Cookies Made With Love Are Better

Emotional Well-Being

Cookies Made With Love Are Better

Let’s pretend that you just checked your blood sugar and “264” showed up. What is your immediate thought? To get the full effect of this post, please take a few moments and write down some of the thoughts that run through your head.

I’ve done this exercise with numerous folks with diabetes (both type 1 and type 2), and I often hear things like, “I can’t believe I ate that third cookie! I have no self-control!” or “How can I still be so bad at this? I’m such a failure!” (and I’d be lying if I said I hadn’t had those same thoughts myself).

As humans, and especially as women, most of us employ one of two tactics to achieve a goal. The first method, criticism, is demonstrated above. So many of us believe that if we beat ourselves up badly enough, we’ll change. I don’t need a master’s in psychology to tell you (and you certainly don’t need one to know) that if that one worked, we’d all be perfect by now.

The second way to work towards a goal is with compassion—you know, the way you talk to your best friend (though in all honesty, most of us wouldn’t even talk to someone we actively disliked the way we talk to ourselves). Let’s say your goal was to lower your A1C by your next doctor’s visit, and you’ve done it! Whether you employed criticism or compassion to reach your goal, it’s true that you’ve achieved the same physical result.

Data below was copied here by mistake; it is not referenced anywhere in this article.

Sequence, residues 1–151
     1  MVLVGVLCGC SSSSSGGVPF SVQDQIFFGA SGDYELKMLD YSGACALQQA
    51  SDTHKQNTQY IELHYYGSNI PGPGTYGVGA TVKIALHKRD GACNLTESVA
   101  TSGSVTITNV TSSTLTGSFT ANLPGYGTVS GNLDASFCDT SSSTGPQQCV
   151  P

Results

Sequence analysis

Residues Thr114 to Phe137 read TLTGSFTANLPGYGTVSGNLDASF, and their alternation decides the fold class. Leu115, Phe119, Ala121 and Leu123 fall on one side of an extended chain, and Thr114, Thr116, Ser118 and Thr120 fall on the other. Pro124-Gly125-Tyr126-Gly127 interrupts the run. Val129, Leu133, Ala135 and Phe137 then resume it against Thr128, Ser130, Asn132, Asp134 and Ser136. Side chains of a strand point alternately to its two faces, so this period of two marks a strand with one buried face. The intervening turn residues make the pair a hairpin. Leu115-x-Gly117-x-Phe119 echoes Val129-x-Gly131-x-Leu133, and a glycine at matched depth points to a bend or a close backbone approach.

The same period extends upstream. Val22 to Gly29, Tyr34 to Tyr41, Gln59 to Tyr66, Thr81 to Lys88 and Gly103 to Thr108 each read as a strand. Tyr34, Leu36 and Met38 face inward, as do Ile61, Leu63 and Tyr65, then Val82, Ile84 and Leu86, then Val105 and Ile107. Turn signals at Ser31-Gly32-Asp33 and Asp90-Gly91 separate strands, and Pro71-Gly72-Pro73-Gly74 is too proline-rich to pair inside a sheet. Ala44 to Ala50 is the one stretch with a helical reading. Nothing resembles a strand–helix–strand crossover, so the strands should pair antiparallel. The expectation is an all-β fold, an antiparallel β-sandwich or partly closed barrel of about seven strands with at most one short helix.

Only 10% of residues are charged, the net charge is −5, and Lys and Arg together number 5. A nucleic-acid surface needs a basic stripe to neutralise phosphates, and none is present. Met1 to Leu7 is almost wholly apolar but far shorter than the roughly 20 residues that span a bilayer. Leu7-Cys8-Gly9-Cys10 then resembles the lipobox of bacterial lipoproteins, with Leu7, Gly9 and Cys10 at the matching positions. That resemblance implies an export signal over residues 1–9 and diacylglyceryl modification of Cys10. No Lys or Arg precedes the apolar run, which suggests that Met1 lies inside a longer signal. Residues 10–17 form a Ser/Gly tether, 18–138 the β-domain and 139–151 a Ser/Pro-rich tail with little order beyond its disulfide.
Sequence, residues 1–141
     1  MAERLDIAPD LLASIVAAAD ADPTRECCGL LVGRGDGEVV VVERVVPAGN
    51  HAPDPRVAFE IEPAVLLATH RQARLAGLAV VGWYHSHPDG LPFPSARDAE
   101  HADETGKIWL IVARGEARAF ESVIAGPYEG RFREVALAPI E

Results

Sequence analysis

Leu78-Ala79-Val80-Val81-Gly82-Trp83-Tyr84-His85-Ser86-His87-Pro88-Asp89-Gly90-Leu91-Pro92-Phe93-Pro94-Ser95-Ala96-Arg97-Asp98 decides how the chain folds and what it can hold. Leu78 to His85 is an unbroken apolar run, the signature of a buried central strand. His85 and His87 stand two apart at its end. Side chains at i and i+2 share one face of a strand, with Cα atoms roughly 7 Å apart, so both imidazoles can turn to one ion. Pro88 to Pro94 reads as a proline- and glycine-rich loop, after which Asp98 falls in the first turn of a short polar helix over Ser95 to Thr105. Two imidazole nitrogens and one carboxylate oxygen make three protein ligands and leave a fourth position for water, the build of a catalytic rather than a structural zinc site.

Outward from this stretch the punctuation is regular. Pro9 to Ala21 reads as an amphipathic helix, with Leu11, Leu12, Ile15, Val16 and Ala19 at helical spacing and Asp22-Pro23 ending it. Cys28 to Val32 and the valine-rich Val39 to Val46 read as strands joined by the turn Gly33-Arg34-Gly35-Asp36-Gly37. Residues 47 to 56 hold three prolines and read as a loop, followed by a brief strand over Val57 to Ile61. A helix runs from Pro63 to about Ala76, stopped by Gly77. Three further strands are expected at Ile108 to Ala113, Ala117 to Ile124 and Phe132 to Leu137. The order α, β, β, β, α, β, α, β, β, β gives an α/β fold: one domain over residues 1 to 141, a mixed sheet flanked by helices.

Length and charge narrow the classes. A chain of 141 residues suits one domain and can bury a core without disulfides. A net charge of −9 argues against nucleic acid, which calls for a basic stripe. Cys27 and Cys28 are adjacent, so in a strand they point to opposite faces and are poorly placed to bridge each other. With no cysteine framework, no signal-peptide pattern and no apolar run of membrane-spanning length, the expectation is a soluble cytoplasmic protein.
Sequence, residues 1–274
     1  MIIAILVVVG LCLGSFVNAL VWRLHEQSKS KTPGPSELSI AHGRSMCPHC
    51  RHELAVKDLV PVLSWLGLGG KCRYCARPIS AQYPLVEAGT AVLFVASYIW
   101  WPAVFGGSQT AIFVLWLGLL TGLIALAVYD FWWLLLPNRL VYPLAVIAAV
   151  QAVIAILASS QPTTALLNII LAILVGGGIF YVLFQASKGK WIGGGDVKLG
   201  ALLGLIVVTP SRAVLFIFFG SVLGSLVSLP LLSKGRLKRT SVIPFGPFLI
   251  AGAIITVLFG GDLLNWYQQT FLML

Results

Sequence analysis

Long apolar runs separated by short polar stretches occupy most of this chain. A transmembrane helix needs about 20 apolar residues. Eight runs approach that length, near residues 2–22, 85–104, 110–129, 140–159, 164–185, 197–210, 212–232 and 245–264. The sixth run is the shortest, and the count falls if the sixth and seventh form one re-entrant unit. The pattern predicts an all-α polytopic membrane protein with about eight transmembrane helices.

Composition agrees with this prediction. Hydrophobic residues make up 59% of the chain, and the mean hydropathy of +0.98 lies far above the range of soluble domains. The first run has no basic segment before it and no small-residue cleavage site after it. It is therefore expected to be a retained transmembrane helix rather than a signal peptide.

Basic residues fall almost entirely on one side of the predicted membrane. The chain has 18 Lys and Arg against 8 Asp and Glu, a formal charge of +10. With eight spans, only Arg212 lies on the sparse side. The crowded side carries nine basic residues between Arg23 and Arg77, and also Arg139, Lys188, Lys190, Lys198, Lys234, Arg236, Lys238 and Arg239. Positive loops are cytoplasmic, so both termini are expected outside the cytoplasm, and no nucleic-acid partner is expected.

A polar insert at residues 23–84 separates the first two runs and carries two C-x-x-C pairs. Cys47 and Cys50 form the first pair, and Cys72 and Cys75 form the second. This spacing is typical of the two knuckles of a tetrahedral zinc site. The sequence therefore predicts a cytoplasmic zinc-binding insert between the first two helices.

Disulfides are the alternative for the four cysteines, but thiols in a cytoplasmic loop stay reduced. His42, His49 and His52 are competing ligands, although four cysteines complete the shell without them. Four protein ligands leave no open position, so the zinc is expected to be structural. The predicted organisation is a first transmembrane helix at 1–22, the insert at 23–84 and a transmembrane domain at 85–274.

The “but” here (and it’s a big one) is that if you used self-compassion, you didn’t just change your metabolic state. By speaking kindly to yourself, you will also have facilitated an emotional transformation, resulting in a WHOLE NEW YOU. Not only will you be healthier both physically and psychologically, but everyone around you will benefit from being in a relationship with someone who is less judgmental and more loving.

Kinda like how your mom’s cookies are so much better than the store-bought ones. Why? Because she made them with love. When you do something with love, the difference is palpable (and often less crumbly).

So the next time you start in on a tirade against yourself, think of what you would say to a fellow Diabetes Sister (and how you would say it!) if she were struggling. Point out her commitment, her dedication, the fact that she is human, and all the great stuff she does to take care of herself!

 

Comments


I have a friend who is a chef. he tells me the most important thing in cooking is that you have to make it with love. Otherwise, even if you follow the best recipe it won't be good. Thanks for sharing.
armen's picture
Submitted by armen on Sat, 01/27/2018 - 6:50pm